Cheers, Rajan! Now for a tighter rope walk!

I read the online articles in Economic Times and the Financial Express on retention of the reverse repo rate and the CRR by RBI.
Raghuram has done a wonderful job, so far, as well as this time, by hardly changing anything much (the repo rate and CRR), but ahead lies a rough in the water raft ride!
(i) The GoI missed making an appropriate (or any) provision for the impact of 7CPC in the current fiscal at the time of Budget FY1516 (see here), even though, if timely implemented, 25% of the fiscal would have seen revised pays for over 4.4 million central Government employees and revised pensions for 5.5 million pensioners (see here). The estimated impact of 7CPC in the first fiscal is expected to be upwards of Rs 1.6 lakh crore by conservative estimates, and so, if implemented in time, about Rs 40,000 crore in FY 15-16 itself, enough to shake inflation in the markets, and then some!
(ii) Add to it the promise of OROP which will cause additional financial burden on the exchequer along with flow of liquidity in the markets (a moneycontrol estimate for the first year of OROP, with arrears, plugs it at around Rs. 16,000 crore, see here) . A substantial part of both, of course, will dissolve into TDS.
(iii) At the start of the subsequent fiscal, FY1617, all private sector employees in India are also looking at one of the highest ever annual salary increases in last few years!
This extra liquidity is capable of causing more than a minor hiccup, especially due to the spiral inflationary effect of domestic spending. Are the markets capable of absorbing this flow of sudden money without any impact on inflation? In my opinion, hardly. Can we do something to curtail the impact?
Not that the boost to economy likely to be brought by increased household capability to spend is undesirable, however, there are several simple steps that Raghuram and the GoI should contemplate immediately to enhance the individual and household savings, even though propensity to save in India is the highest in the World.
Some suggested simple steps that the GoI can take and should announce immediately (I hope GoI starts contemplating now, if not already in it) are:
(i) Deduct one time contributions to PPF, EPFO etc. at source itself. Less flow into hands will lead to less household spending and lesser pressure on inflation. This can also be done in part mandatory and part voluntary fashion.
(ii) Considering a perpetual raise in the percentage of salary deducted towards PPF / EPFO. This too presents a good case for discussion now, voluntarily, if not mandatory, including its further increase for FY1617.
(ii) Consider raising the annual upper limit for individual tax payers’ tax saving deposits in various tax saving instruments (aren’t all of them already too complicated for the ‘common man’ and deserve simplification, such as, consideration of investments in all schemes equally with only a single upper individual limit, without divisions into sections 80C, 80CCC, 80CCD, 80D, 80U…poof?). From the current Rs 1.5 lakh pa limit, a major jump, such as to Rs 2.5 lakh pa, is desirable from current fiscal itself.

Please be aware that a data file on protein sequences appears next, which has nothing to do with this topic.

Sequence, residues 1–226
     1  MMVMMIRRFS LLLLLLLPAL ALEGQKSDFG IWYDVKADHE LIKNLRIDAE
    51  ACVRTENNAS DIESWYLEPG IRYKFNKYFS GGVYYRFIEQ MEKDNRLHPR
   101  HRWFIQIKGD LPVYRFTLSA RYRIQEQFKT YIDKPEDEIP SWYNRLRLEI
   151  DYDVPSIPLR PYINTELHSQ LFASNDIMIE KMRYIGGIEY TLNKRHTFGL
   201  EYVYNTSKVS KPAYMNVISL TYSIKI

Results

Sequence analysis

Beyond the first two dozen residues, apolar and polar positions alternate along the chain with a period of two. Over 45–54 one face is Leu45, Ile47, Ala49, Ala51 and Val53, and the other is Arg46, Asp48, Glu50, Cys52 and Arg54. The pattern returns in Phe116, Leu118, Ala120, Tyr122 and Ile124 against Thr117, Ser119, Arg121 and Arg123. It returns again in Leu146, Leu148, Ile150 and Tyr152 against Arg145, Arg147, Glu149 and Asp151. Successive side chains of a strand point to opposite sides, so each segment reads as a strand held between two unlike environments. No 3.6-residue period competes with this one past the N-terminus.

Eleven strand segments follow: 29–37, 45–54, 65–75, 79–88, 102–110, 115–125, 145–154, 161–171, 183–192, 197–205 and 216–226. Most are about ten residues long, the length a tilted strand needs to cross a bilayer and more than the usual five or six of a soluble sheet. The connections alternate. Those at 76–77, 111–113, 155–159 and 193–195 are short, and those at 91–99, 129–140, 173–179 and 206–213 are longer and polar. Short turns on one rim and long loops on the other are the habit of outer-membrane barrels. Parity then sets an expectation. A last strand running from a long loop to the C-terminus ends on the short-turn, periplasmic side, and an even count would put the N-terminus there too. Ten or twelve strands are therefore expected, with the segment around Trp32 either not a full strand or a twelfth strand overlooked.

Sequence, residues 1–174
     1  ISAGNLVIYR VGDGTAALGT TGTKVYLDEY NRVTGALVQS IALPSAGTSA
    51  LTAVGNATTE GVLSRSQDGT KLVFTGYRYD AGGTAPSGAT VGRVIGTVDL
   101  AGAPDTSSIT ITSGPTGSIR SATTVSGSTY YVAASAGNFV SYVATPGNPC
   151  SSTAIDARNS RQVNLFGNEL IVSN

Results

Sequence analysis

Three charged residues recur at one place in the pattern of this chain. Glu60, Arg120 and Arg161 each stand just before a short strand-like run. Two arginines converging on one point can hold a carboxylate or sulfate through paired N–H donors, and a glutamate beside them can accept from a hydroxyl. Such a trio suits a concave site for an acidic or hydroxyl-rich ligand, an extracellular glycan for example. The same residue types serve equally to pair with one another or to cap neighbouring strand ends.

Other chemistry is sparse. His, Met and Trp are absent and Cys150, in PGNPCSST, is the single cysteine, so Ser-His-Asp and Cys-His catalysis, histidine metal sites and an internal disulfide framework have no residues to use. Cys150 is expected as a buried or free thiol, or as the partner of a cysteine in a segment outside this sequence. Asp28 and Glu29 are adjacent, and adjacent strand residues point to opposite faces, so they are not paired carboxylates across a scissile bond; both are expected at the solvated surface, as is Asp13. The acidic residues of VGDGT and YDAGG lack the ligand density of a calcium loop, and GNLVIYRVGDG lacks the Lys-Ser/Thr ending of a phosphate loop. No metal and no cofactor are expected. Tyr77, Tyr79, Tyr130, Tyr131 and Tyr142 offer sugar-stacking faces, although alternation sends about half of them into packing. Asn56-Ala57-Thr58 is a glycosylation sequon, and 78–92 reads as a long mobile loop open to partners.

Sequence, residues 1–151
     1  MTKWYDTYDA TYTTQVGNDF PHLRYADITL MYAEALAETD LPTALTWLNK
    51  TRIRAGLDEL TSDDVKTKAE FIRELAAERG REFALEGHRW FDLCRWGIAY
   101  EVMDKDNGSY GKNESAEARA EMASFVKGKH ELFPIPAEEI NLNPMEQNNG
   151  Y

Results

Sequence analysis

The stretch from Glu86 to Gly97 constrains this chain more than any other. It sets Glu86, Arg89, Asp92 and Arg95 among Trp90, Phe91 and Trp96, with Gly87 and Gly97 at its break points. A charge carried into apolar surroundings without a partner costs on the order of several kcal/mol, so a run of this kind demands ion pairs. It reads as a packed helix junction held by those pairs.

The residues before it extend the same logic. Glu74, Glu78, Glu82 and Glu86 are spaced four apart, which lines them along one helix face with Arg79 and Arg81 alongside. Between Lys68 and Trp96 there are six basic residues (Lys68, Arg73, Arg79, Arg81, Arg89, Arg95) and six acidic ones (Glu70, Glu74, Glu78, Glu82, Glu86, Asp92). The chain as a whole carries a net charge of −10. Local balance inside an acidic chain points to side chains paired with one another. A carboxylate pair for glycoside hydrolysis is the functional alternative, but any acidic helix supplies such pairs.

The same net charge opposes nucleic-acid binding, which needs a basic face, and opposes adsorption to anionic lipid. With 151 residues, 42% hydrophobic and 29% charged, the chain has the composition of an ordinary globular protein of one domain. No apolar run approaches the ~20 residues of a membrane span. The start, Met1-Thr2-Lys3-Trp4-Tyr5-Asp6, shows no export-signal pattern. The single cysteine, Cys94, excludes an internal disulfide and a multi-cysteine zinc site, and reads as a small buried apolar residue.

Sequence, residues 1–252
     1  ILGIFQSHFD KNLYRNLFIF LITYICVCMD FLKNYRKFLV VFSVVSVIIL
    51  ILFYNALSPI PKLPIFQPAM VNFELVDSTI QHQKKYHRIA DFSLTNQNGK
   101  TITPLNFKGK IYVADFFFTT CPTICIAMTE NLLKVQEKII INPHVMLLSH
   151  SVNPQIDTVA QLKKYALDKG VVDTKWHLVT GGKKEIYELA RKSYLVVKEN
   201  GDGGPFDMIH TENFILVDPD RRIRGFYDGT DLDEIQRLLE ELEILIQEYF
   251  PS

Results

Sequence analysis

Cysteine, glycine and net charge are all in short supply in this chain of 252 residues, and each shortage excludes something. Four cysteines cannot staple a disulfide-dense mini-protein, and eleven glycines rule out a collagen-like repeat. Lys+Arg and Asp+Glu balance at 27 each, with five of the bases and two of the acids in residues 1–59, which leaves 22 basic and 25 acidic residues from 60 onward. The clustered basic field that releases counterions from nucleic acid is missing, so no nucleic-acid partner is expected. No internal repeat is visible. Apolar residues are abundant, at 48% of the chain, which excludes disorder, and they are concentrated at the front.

(iii) Life and health insurance (if necessary, up to a limit) premiums present a strong case to be brought into the band eligible for direct deduction from salary. Experts frequently opine that the Indian households have a very low appetite for all insurances.
(iv) Launch a tax free GoI Infrastructure long term Bond sold through Government banks. Advise the state Governments to do so too (if they do not themselves see and seek the opportunity!).
These funds would help fund the needed rapid growth in roads, bridges, small city airports, Railways, green energy generation, and a host of other infrastructure development across the country. The state Governments may be allowed to bid in an auction for grants from the central Government for these funds for improvements in infrastructure in their states providing motivation and pressure for improved handling of Government owned or partnered infrastructure projects.
(v) Direct the Government banks (and private banks, too, if possible) to waive any loan pre-payment penalties (at least for a period of next few months) for the benefit of saving savvy individuals and households.
The additional savings (or pay offs of past expenses) will result in a more robust household economy, availability of funds with banks and other financial Institutions for appropriate further investments, and also for GoI to support its capital intensive growth drives.
Will Rajan be able to convince the Government to take such steps or will he have to increase (hic!) the repo rate to control inflation? Keep your balance, Raghuram!
(perhaps, more on this later… If you liked this article, please do not forget to leave a comment…and share it with your friends).

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4 thoughts on “Cheers, Rajan! Now for a tighter rope walk!

  1. Its food for thought. A strong will is required for implementation. There must be some limitations too for implementation.
    Article is a very good read

    Like

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